John Edwards, mass murderer. Now THAT sounds harsh.
I'm not talking about Senator Edwards's political activity. I'm talking about John Edwards the trial lawyer, and his multimillion dollar persecution of doctors and in particular obstetricians.
Millions of babies are born each year with small or large birth defects - errors of fetal development. In fact, that includes almost all babies; few are born with all their genetic potential properly expressed. The best way to minimize these errors of development are through proper prenatal care, including the education of parents, nutrition, and medical examinations with intervention where necessary.
Many, perhaps most of the health problems ordinary people face in later life, like heart disease, have their roots in imperfect fetal development. The robustness of your heart in your 70's is strongly influenced by how it formed and grew, many months before you were born. Someday, surgical and pharmaceutical interventions during pregnancy may prolong more healthy lives than all the procedures and pills taken in a lifetime after birth.
So what does this have to do with John Edwards, trial lawyer, and his colleagues in persecution?
Simply put, people are willing to spend only so much on prenatal medical care. If they get less out of it, they will spend even less. Young people capable of becoming competent obstetricians are rare, and if the risk to reward ratio becomes more punishing, fewer will go through the grueling training to get there, and fewer will stay with it after they go into practice.
If you add punishment-minded trial lawyers to the mix, the result will be increasingly expensive, increasingly unavailable prenatal care, and no venue for the development of more aggressive treatments and procedures for babies at risk. Simply put, the more money that trial lawyers and their clients take out of the pot, the less there is to prevent the very ills that trial lawyers prey on.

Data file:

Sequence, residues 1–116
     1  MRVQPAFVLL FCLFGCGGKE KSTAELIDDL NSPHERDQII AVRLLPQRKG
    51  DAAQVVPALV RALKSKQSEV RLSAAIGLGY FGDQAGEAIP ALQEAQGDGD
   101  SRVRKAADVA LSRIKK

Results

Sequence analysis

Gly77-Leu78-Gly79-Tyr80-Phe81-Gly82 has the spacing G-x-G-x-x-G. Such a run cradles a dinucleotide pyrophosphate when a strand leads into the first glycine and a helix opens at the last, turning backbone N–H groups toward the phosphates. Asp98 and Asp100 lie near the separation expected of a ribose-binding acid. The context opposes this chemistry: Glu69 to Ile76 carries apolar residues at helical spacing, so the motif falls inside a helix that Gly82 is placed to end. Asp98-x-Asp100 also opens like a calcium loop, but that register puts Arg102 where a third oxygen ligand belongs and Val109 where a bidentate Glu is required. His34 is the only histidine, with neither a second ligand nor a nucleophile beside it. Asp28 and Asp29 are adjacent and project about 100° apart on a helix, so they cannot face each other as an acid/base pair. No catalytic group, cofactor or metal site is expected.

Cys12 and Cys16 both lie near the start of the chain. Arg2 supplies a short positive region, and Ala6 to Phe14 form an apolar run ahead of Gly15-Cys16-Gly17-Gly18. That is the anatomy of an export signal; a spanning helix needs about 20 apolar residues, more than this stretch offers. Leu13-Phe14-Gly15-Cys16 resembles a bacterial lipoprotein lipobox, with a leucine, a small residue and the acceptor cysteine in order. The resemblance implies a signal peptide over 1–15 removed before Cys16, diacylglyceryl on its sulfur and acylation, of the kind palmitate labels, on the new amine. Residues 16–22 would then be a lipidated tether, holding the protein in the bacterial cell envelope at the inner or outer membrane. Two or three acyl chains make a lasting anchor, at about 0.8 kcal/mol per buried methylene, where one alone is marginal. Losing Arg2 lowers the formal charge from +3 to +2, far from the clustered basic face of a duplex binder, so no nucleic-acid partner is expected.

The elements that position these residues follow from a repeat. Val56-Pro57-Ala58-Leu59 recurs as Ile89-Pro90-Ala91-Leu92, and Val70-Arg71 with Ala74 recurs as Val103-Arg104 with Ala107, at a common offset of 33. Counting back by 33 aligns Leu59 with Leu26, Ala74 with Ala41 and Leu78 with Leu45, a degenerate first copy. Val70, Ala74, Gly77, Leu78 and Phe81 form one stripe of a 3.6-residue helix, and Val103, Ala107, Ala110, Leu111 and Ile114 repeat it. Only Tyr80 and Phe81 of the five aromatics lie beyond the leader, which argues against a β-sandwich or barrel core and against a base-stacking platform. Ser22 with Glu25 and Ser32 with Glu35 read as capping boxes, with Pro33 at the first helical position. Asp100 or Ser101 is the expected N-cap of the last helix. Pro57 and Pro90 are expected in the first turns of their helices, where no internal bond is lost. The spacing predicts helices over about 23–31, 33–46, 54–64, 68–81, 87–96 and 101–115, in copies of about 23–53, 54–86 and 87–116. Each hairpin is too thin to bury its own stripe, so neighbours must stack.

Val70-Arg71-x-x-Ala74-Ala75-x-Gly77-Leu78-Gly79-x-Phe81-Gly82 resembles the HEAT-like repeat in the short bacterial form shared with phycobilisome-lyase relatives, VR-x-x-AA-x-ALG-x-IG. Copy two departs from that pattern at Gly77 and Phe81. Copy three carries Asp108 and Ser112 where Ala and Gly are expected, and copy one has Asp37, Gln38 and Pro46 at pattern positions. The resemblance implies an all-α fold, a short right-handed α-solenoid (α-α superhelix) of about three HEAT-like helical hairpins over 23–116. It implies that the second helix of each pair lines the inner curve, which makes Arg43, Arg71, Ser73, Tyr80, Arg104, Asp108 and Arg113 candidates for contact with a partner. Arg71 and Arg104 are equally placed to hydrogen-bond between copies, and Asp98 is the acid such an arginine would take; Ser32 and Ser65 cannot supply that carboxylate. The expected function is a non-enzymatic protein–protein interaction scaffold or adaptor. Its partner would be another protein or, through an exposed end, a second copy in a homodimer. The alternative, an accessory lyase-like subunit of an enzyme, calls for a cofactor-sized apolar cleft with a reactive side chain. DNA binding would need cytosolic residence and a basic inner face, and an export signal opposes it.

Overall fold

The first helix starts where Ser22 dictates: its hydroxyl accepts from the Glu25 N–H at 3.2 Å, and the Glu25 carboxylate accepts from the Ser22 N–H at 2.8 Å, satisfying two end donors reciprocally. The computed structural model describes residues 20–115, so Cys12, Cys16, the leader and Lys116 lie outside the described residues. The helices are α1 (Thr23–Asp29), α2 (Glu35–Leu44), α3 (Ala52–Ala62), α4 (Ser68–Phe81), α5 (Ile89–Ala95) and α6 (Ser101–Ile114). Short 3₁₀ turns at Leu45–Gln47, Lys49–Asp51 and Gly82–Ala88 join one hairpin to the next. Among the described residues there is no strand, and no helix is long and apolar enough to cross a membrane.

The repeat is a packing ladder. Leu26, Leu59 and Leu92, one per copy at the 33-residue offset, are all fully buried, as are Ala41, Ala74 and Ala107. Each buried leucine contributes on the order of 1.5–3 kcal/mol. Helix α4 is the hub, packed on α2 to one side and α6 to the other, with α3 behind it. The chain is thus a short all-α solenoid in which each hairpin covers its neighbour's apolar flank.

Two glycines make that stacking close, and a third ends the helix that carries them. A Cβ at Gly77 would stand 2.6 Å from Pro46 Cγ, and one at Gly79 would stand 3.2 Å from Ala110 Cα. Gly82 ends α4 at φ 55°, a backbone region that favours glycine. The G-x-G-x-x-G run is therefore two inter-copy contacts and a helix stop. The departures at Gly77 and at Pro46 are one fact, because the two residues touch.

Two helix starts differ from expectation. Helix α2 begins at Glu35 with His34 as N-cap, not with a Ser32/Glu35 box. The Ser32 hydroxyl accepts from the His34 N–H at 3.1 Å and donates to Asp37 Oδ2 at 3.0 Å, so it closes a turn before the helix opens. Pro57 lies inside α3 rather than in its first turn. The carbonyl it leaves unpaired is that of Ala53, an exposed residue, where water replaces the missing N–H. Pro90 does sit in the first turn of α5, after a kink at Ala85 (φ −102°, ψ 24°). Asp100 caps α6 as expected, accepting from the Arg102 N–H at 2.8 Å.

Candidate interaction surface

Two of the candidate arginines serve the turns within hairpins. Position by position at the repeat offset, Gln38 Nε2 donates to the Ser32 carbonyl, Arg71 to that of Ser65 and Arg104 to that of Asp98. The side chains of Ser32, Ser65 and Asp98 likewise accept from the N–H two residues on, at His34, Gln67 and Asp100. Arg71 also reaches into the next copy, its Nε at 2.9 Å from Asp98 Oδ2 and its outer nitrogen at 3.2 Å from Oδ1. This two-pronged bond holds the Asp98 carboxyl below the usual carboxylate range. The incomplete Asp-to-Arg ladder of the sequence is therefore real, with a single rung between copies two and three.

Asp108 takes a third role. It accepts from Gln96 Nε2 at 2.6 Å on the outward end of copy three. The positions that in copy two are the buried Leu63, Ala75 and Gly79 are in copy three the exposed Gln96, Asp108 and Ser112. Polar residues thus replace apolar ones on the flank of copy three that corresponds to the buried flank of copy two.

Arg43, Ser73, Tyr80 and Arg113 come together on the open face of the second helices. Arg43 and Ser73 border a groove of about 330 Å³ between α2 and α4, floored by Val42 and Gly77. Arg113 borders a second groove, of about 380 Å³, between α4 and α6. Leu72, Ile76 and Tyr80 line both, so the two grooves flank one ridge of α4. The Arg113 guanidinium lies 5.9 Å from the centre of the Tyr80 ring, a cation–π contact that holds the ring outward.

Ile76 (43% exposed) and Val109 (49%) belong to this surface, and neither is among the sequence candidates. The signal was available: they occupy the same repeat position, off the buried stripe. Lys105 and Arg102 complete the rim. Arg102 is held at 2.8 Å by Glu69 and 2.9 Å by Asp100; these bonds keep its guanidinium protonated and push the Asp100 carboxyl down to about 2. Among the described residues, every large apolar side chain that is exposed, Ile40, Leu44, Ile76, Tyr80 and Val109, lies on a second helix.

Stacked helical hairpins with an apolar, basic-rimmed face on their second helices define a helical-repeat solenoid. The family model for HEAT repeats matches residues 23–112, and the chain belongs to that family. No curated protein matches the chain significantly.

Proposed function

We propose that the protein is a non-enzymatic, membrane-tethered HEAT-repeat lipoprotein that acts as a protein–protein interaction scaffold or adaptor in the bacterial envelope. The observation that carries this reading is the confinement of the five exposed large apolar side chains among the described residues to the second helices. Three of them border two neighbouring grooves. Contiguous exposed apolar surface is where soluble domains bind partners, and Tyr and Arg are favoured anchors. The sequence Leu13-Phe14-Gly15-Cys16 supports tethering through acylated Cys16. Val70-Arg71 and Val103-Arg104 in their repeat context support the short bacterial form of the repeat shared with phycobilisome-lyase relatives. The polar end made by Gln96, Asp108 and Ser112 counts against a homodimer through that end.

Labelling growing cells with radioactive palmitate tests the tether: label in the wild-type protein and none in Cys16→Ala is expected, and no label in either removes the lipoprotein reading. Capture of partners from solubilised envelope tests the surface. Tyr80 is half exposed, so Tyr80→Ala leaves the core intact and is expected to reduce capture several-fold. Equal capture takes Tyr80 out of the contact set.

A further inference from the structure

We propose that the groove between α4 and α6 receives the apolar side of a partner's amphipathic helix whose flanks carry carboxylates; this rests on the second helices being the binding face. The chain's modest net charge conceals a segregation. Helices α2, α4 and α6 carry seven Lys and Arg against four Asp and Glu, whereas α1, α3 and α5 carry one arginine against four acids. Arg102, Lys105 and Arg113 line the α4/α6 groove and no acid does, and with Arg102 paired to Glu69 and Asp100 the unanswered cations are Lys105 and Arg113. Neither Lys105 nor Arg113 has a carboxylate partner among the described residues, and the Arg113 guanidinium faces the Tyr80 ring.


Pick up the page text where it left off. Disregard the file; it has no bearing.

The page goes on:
This can be quantified. One study shows that if the total spent on prenatal care increases by $150K, there will (on average) be one fewer crippling birth defect. If we include the hidden defects, like suboptimal embryonic heart development, then $150K buys even more healthy life. So if Edwards and his clients have taken $30 million dollars or more out of the money we spend for bringing children into the world, this implies that he and his clients alone are responsible for 200 dead and damaged babies.
The real victims are the poor, of course. Aren't they always? If obstetricians must raise their rates to pay their malpractice insurance, they must raise their fees. If obstetricians cost too much, poor women don't get prenatal care. They don't get frequent gynecological checkups. The poorly educated ones are trained in the idea that damaged babies are the doctor's fault, rather than something the mothers themselves are empowered to avoid.
In this, like so many other things, the "caring people" who wish to drain the medical system to pay the "victims" have got it exactly ass-backwards. If they really cared, they would go into medicine, and help shoulder the burdens created by their big-talking zero-action friends. If they cared just a little, they would use their brains instead of their "feelings" to look at the situation and at least stop punishing the doctors who are doing what they can to improve infant health. If they were incapable of either curing or even thinking hard, the least they could do is volunteer their own time and money for helping mothers get prenatal care, and help the inevitable unlucky infants with birth defects live out their lives.
But no, we live in an age where "caring" has become a perverted synonym for hypocrisy and misanthropic cruelty. So I am not holding my breath waiting for the lawyers to stop attacking the healers, or the "caring" to stop attacking the helpful. I'll just help the healers and the helpful, and hope that a few of the healed and the helped are paying attention. Because the ranks of those needing healing and help are growing, the opportunities for enlightenment are growing, too.
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